HI-TECH ammunition from the Middle Ages is going on show for the first time in North Yorkshire.
Armour-penetrating arrowheads are among the fearsome armaments found at Pickering Castle in the 1920s and about to be revealed to the public by English Heritage.
The artefacts – which include other specimens modelled to rip through chain mail or hunt deer and wild boar in the forest surrounding the castle – are among 800,000 items kept by the conservation watchdog at its main archaeological store for the north, at Helmsley in North Yorkshire.
The stores are normally off-limits to the public but a series of free public tours begins next Wednesday.
During its heyday from the 12th century, Pickering Castle was a Royal lodge and a base for hunting expeditions.
The arrows were among the most striking finds recovered from the site after the First World War, when many of Yorkshire's historic monuments were cleared of rubble and debris by ex-servicemen.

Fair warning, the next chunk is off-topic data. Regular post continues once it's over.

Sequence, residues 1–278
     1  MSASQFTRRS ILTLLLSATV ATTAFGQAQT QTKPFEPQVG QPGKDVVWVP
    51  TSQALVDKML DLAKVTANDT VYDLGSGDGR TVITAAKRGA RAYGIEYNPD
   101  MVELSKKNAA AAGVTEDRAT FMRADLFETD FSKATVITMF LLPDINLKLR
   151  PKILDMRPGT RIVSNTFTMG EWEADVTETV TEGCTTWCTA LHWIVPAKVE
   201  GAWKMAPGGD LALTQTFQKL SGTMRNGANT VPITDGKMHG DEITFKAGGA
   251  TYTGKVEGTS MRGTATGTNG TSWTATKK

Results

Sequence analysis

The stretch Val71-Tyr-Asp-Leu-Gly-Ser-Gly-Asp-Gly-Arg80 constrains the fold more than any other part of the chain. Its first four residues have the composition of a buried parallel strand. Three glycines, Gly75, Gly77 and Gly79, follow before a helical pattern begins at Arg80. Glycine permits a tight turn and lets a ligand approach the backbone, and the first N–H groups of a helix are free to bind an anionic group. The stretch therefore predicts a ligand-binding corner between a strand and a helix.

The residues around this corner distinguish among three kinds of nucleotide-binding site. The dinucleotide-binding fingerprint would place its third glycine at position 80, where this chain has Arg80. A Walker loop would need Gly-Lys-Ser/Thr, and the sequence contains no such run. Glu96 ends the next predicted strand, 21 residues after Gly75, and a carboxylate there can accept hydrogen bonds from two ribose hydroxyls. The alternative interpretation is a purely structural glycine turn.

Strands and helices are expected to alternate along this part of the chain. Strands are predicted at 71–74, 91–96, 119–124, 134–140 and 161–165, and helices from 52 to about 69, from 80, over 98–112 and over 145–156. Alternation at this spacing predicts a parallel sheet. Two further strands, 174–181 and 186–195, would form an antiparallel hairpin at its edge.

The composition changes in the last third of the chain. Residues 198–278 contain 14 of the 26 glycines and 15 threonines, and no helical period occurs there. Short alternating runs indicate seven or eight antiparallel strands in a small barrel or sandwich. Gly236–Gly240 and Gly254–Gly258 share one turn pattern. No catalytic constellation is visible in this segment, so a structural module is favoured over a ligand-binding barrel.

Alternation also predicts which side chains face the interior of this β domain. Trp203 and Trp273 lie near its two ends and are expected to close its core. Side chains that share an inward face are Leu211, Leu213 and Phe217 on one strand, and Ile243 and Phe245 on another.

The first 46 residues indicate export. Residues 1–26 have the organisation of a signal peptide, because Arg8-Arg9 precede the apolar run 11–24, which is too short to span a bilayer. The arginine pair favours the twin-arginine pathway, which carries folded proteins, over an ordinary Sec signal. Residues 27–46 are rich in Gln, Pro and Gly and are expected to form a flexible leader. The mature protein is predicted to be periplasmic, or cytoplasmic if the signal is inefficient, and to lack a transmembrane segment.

Armour-piercing rounds are multi-sided and converge to a point to punch through metal. Those meant to break through chain mail are longer and slimmer, while others on display have long barbs to inflict injury on wild animals, or possibly game birds in flight.
English Heritage curator Susan Harrison said: "Examining them at close quarters really does help to turn back the clock and make a connection with the past."
The store tours also will reveal the darker side of medieval life, particularly for society's lower orders. Exceptionally well-preserved medieval manacles from Pickering are a reminder of some of the punishments awaiting those who transgressed the King's law.
Free tours take place on the following Wednesdays: April 23, May 28, July 30, August 27, and September 24. Places must be booked in advance through the Tourist Information Centre at Helmsley Castle's visitor centre or by calling 01439 770173.
Tours take place at 11am, 1pm and 3pm, and are wheelchair-accessible, taking place over even ground with wide-access entrances.